The men of the Renaissance, in the same way, regarded the buildings of ancient Rome merely as so many quarries whence they might bear away the materials for their own constructions. And whether Paul II wished to build the Palazzo di Venezia, or Cardinal Riario the Cancellaria, the same principle obtained. At the same period we also find Raphael destroying the work of earlier painters by covering it with his own compositions, 2 and Michelangelo not hesitating to obliterate even Perugino's altar frescoes in the Sixtine Chapel in order to paint his "Judgment." While in comparatively recent times, at a moment when a great future seemed to be promised to modern Egypt, Mehemet Ali sent his architect to the sacred Pyramids of Gizeh, to rob them of the alabaster which he required for his magnificent mosque on the citadel of Cairo. 3

        1 A Handbook of Greek Sculpture, by E. A Gardner M.A., p. 212.
        2 Piero della Francesca's decorations in the Vatican painted under the direction of Pope Nicholas V were ultimately destroyed by Raphael. See W. S. Waters, M.A., Piero della Francesca, pp. 23, 24, 108.
        3 See also Fergusson, A History of Architecture, Vol. I, p. 48: ". . . If we had made the same progress in the higher that we have in the lower branches of the building art, we should see a Gothic Cathedral pulled down with the same indifference, content to know that we could easily replace it by one far nobler and more worthy of our age and intelligence. No architect during the Middle Ages ever hesitated to pull down any part of a cathedral that was old and going to decay; and to replace it with something in the style of the day, however incongruous that might be;

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        From a purely archæological and scholastic point of view, therefore, it is possible to justify our museums — the British Museum, for instance. But from the creative or artistic standpoint, they are simply a confession of impotence, of poverty, and of fear; and, as such, are utterly contemptible. In any case, however, I think that, for the sake of public taste and sanity, some of the ugly fragments — such as two-thirds of the maimed and mutilated parts of bodies from the Eastern and Western pediments of the Parthenon — ought never to have been allowed to stand outside a students' room in a school of archæology or of art, and even in such institutions as these, I very much question the value of the pieces to which I have referred.

2. Landscape Painting.

        Up to the present, I have spoken only of Man as the proper subject of Ruler-Art. I have done this because Man is the highest subject of Art in general, and because the moment humanity ceases from holding the first place in our interest, something must be amiss, either with humanity, or with ourselves.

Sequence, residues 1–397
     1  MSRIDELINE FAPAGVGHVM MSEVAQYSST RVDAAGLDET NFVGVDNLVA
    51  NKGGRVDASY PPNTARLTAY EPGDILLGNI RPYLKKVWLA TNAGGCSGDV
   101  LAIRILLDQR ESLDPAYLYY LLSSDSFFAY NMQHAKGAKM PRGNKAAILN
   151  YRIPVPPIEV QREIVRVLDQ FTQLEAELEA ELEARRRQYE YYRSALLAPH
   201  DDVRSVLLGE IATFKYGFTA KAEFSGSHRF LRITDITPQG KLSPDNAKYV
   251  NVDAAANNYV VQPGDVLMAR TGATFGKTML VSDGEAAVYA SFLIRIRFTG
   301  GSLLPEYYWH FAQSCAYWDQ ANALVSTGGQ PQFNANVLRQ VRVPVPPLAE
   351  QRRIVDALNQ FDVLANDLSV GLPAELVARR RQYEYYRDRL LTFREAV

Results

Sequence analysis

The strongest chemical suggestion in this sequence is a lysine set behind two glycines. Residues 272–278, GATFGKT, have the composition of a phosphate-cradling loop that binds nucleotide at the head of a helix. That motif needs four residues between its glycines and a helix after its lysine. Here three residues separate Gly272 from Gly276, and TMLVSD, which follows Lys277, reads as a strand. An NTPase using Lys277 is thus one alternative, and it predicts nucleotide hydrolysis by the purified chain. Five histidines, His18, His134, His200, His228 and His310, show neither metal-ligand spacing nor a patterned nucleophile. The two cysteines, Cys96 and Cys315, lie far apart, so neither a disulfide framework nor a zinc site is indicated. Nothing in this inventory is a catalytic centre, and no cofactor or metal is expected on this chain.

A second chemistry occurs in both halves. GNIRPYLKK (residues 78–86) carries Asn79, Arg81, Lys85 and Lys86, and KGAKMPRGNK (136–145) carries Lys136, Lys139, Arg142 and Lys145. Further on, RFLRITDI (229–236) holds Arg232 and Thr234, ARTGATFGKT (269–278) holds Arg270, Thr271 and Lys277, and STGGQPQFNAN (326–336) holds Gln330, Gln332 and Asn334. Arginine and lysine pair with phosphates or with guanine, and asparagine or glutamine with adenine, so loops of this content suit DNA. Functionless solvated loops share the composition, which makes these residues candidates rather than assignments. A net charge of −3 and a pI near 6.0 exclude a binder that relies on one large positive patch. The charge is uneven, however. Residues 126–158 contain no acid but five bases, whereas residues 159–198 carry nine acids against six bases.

Still, there are degrees and grades among ruler-artists. All of them cannot aspire to the exposition of the highest human values. And just as some turn to design and to ornament, and thus, in a small way, arrange and introduce order into

and if we were progressing as they were, we should have as little compunction in following the same course."

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a small area of the world, so others — standing halfway between these designers and the valuers of humanity — apply their powers quite instinctively to Nature away from Man. They have a thought to express — let us say it is: "Order is the highest good," or "Power is the source of all pleasure and beauty," or "Anarchy contends in vain against the governing power of light which is genius," and in the case of this last thought they paint a rugged scene which they reveal as arranged, simplified and transfigured by the power of the sun. In each of these cases they use Nature merely as a symbol, or a vehicle, by means of which their thought or valuation is borne in upon their fellows; and they do not start out as actual admirers of mere scenery, wishing only to repeat it as carefully as possible.
        Even when it uses Nature merely as a symbol or a vehicle, however, there can be little doubt that this kind of Ruler-Art is a degree lower in rank than the art which concerns itself with man; and when this kind of art becomes realistic, as it did with Constable and all his followers, it is literally superfluous. Only when the landscape is a minor element, serving but to receive and convey the mood or aspiration of the artist, is it a subject for Ruler-Art, and then the hand of man should be visible in it everywhere. With the artist's arranging, simplifying and transfiguring power observable in Nature, landscape painting, as Kant very wisely observed in his Kritik der Urteilskraft, becomes a process of pictorial gardening, and as such can teach very great lessons.